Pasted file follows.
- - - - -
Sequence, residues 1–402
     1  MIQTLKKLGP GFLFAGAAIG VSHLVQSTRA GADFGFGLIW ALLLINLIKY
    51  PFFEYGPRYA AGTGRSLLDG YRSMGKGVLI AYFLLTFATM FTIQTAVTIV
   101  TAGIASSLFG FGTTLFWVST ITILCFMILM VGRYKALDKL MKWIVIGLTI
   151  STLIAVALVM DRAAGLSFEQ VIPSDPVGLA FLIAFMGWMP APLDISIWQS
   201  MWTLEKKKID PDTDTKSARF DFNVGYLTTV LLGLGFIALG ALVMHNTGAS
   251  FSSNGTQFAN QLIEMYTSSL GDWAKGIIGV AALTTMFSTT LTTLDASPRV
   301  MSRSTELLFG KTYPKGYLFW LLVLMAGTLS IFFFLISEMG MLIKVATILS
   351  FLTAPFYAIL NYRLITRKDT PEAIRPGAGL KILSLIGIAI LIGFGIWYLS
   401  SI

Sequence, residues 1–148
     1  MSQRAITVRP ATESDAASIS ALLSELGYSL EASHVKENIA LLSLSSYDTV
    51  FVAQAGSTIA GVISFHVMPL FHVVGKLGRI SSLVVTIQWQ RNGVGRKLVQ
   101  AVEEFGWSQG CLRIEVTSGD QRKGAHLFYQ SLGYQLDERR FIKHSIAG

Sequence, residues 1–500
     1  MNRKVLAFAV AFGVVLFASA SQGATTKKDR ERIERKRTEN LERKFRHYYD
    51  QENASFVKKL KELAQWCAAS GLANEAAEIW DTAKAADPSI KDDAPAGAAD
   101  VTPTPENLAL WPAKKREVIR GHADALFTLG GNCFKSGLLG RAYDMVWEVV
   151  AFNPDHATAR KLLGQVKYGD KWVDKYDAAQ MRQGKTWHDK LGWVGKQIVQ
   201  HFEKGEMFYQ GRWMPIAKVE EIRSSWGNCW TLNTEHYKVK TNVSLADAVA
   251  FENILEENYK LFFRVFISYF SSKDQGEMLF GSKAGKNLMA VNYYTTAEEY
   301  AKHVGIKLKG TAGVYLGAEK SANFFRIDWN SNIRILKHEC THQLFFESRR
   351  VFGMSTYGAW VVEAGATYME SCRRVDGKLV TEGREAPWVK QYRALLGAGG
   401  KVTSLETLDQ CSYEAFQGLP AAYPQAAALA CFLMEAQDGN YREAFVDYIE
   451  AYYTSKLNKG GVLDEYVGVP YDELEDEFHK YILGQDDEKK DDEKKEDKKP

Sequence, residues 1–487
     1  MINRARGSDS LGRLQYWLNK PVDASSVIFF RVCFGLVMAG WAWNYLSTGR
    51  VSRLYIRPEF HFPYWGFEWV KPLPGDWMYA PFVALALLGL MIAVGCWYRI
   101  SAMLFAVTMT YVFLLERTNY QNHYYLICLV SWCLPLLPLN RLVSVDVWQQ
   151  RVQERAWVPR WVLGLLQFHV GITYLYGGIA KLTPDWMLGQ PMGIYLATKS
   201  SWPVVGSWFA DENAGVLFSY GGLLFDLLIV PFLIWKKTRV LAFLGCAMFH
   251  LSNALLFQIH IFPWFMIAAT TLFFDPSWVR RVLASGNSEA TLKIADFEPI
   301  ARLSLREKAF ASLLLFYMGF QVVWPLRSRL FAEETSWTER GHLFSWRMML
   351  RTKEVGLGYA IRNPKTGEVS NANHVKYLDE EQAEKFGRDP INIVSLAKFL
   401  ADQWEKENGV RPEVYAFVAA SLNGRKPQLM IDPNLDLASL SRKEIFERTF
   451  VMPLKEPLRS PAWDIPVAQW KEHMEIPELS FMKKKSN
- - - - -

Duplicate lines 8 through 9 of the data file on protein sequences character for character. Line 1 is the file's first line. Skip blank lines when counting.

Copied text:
   301  MSRSTELLFG KTYPKGYLFW LLVLMAGTLS IFFFLISEMG MLIKVATILS
   351  FLTAPFYAIL NYRLITRKDT PEAIRPGAGL KILSLIGIAI LIGFGIWYLS